Bentley’s recovery was marred by a staph infection that destroyed the replacement tendon, requiring multiple additional operations.
Now, in the wake of the settlement of a staph suit filed by former Browns receiver Joe Jurevicius against the team and related entities, Bentley is suing the Browns, too. And he has hired the same lawyer who represented Jurevicius, Shannon Polk.
“The Browns convinced LeCharles to rehab at their facility,” Polk told Tony Grossi of the Cleveland Plain Dealer. “Nothing
required him to do it. That wasn’t part of his job. They told him their
facility was the best and that they had successfully helped others. But
they never told him about a host of unsanitary conditions there, and
they never told him about the list of others who contracted staph before
he chose to rehab there.
“Had the Browns disclosed that stuff to him, had they been straight
with him, he would have never agreed to rehab at their training
facility. The man nearly died from the staph infection he got there.”
Bentley’s case arguably is weaker than the claim filed by Jurevicius, given that Jurevicius was the last in a line of players to contract a staph infection while playing for the Browns. Before Bentley, there arguably hadn’t been enough staph cases to put the Browns on notice that they had a problem.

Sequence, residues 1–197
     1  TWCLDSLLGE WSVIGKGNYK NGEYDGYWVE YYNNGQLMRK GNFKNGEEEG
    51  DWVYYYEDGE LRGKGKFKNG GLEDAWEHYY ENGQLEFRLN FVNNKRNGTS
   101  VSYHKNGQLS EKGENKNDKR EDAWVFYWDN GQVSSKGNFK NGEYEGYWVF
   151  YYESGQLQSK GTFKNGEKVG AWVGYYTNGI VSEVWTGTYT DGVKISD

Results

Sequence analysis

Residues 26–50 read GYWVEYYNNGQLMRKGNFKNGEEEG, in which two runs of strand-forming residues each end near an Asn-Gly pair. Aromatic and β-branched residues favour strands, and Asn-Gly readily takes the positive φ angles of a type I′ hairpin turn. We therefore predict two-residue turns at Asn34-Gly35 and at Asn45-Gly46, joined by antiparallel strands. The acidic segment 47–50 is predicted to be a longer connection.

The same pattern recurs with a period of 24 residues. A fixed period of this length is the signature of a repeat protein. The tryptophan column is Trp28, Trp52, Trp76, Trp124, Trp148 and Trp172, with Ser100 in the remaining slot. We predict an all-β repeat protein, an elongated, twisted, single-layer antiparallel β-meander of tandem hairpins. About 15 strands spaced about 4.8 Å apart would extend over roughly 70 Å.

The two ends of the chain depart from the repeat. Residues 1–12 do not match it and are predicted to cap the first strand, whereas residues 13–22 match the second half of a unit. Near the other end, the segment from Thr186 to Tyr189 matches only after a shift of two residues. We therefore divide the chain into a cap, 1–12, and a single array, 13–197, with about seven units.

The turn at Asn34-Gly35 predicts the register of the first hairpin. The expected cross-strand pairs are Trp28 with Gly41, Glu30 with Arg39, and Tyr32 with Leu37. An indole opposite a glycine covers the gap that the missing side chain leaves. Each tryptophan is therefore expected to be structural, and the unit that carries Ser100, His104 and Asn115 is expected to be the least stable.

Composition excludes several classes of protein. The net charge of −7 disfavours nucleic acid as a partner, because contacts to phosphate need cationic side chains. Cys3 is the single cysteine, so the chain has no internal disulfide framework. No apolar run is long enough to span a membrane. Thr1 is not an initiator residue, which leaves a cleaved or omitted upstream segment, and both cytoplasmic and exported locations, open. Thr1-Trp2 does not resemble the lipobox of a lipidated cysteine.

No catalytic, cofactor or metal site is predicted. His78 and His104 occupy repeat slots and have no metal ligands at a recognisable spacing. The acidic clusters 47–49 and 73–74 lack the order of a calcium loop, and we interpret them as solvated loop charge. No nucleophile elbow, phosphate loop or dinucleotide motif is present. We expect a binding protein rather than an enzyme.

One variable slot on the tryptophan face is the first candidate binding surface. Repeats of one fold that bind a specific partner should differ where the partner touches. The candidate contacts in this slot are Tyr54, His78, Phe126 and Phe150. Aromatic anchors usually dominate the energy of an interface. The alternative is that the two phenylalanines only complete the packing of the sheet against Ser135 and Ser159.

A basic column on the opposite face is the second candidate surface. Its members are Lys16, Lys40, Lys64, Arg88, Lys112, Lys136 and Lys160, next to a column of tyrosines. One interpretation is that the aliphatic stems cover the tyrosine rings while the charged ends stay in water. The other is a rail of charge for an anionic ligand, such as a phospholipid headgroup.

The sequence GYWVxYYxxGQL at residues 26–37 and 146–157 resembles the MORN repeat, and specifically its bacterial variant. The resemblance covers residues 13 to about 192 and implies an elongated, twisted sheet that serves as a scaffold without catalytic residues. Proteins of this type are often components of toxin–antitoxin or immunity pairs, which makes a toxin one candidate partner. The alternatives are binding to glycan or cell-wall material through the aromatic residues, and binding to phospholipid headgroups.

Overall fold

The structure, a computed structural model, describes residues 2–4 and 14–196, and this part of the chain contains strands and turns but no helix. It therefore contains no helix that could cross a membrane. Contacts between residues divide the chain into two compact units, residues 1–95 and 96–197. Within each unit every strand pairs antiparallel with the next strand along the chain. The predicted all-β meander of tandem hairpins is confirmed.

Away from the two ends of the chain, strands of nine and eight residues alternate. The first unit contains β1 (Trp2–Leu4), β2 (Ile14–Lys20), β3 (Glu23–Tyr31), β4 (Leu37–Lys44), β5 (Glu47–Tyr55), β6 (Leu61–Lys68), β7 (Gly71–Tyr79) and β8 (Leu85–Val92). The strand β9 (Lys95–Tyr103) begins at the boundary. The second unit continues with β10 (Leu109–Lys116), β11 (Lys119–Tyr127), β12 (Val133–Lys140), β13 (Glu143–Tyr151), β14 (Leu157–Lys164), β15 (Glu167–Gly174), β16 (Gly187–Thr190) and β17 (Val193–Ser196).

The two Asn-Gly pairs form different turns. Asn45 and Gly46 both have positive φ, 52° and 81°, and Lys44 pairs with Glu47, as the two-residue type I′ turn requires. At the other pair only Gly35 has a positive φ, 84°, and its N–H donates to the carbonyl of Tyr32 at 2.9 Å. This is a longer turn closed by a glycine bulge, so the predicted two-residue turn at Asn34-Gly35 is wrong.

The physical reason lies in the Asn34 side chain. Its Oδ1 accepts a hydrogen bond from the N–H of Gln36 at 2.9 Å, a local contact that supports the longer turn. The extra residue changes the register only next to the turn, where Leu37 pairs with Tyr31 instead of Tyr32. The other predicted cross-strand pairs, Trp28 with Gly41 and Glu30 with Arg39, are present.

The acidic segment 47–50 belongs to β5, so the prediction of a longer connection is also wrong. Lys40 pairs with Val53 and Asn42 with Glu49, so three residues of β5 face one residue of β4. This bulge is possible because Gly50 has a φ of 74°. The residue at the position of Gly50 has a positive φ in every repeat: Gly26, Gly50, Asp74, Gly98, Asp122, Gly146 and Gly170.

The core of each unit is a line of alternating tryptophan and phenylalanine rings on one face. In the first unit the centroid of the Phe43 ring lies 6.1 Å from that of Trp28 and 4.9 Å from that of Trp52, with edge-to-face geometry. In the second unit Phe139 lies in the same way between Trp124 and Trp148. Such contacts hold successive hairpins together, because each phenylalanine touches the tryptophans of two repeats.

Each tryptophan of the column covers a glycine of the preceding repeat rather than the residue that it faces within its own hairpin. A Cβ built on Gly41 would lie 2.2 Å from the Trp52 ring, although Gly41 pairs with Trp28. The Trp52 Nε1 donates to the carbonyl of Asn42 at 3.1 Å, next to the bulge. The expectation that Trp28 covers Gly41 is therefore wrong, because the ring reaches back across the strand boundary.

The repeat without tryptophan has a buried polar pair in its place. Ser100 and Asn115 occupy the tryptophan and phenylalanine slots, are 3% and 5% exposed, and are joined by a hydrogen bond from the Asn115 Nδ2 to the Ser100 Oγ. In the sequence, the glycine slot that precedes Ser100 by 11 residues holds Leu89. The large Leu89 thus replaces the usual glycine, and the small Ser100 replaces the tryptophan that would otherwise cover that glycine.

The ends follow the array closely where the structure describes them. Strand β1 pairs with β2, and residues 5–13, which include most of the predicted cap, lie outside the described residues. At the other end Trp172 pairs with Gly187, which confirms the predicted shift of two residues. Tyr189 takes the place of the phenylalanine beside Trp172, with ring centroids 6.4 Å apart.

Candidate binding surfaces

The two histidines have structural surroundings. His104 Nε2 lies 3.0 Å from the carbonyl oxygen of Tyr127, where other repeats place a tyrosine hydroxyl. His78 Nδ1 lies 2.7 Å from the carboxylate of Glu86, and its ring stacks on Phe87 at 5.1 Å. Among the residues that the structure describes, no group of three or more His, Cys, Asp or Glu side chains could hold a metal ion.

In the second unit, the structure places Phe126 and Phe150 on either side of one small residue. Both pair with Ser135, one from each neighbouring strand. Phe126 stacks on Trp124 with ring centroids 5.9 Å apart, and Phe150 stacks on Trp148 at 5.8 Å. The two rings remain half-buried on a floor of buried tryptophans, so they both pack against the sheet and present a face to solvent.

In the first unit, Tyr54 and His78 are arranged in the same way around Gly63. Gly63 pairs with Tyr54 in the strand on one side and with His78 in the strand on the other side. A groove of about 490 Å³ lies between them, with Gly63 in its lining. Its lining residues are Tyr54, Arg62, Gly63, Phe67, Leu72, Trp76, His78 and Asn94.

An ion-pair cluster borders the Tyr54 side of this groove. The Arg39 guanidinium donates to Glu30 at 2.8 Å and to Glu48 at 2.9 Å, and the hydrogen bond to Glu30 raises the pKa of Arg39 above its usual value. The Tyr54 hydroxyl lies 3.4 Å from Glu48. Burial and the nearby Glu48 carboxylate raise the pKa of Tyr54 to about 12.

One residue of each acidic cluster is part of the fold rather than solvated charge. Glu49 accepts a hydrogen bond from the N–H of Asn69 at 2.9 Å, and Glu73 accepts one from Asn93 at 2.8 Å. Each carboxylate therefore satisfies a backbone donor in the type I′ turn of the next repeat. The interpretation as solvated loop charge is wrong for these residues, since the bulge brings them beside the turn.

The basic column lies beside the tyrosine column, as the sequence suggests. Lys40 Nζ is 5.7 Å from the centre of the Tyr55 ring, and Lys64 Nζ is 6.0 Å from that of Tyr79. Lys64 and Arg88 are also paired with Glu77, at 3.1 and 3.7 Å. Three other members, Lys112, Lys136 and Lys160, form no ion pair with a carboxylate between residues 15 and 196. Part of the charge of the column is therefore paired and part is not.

The bigger problem for Bentley could be the applicable statute of limitations. For fraud and negligent misrepresentation claims (counts in the complaint mentioned in Grossi’s article), the case must be filed no later than two years after the date of the alleged misconduct.
It’s possible that Bentley had decided long ago not to pursue the matter, and that he changed his mind after he saw that Jurevicius secured a settlement. It’s possible that Polk has concocted an argument to get around any statute of limitations issues. There’s a chance, however, that the delay will be fatal to the case.